Gamker is a general banking and information-stealing trojan. Among its targets are online banking web-browser sessions, BitCoin wallets, public and private keys, cryptography tools, and finance-related software applications. In this section we go into detail on the threat this trojan poses to SAP.

The malware records keystrokes per application, generating keylog records in plaintext format to the file “%APPDATA%<lowercase letters>”. An example of these recorded keylogs is as follows:

Example keylogs

Figure 1: Example of recorded keylogs


In addition to this keylogging, hardcoded inside the payload is a list of application names which are used as triggers to record additional information. Among this list is the SAP Logon for Windows client, as seen in Figure 2:

Highlighted targeted saplogon.exe component

Figure 2: Targeting of SAP saplogon.exe component


Table 1 – List of triggers used to record screenshots and command-line arguments

Executable name trigger Category assigned by trojan author Description
rclient.exe CFT Client for Remote Administration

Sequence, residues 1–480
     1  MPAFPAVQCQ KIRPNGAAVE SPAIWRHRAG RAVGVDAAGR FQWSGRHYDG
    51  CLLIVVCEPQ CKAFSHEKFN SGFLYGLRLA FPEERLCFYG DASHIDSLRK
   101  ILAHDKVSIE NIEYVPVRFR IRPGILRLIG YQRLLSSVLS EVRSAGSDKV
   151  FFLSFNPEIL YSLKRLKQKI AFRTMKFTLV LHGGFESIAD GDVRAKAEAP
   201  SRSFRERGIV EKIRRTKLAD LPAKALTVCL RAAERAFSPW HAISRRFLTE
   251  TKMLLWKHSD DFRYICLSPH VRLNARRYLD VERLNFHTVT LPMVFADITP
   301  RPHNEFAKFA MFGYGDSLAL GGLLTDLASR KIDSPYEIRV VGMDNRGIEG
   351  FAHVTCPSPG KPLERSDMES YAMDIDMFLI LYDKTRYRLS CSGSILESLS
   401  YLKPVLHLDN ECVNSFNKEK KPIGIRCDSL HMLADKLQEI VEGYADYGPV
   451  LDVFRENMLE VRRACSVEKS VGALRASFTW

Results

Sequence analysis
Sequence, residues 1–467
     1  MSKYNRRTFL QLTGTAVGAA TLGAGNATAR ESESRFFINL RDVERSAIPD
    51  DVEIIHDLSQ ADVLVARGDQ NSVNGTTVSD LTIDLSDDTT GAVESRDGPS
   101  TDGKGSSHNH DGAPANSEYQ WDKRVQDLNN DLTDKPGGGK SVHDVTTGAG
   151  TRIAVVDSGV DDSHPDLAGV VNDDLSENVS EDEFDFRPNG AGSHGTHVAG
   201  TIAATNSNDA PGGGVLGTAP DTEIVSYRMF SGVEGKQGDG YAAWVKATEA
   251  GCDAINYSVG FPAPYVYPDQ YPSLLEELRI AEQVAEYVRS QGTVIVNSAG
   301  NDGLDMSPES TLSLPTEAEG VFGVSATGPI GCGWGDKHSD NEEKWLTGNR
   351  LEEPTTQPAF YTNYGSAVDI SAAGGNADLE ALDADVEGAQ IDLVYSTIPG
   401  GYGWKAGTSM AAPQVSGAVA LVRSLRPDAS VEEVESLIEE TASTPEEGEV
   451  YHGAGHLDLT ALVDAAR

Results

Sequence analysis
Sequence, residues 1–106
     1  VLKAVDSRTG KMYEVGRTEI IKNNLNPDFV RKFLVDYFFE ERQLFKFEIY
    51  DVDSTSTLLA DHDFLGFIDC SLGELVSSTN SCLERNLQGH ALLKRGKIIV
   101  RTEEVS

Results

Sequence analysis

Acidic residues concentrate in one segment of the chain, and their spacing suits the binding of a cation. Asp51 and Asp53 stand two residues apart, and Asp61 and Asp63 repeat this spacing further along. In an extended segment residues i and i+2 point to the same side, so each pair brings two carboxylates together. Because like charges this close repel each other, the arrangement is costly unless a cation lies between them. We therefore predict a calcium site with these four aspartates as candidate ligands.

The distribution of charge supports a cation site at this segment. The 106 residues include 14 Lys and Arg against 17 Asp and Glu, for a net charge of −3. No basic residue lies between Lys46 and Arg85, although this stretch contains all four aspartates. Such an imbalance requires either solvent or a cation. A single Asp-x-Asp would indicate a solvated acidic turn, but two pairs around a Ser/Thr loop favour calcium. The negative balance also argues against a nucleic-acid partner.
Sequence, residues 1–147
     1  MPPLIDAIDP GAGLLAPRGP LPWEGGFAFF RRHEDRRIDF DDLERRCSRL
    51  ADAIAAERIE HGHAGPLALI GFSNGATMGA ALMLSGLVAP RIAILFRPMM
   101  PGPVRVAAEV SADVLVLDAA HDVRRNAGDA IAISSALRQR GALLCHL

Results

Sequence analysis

CyberTerm.exe CTERM Unknown Russian payment-related tool
WinPost.exe POST Unknown, likely a tool use to perform HTTP POST operations
PostMove.exe POST Unknown, likely a tool use to perform HTTP POST operations
Translink.exe WU Tool by Western Union Inc
webmoney.exe WM Unknown
openvpn-gui CRYPT Client for VPN remote access to computers
truecrypt.exe CRYPT Tool used to manage TrueCrypt protected filesystems
bestcrypt.exe CRYPT Tool used to manage BestCrypt protected filesystems
saplogon.exe SAP SAP Logon for Windows
oseTokenServer.exe MCSIGN Application by Omikron related to electronic banking
OEBMCC32.exe MCLOCAL Application by Omikron related to electronic banking
OEBMCL32.exe MCLOCAL Application by Omikron Systemhaus GmbH related to electronic banking
ebmain.exe BANKATLOCAL Application by UniCredit Bank Australia
bcmain.exe BANKATCASH Unknown
hbp.exe HPB Maybe Deutsche Bundesbank Eurosystem
Hob.exe HPB Maybe Deutsche Bundesbank Eurosystem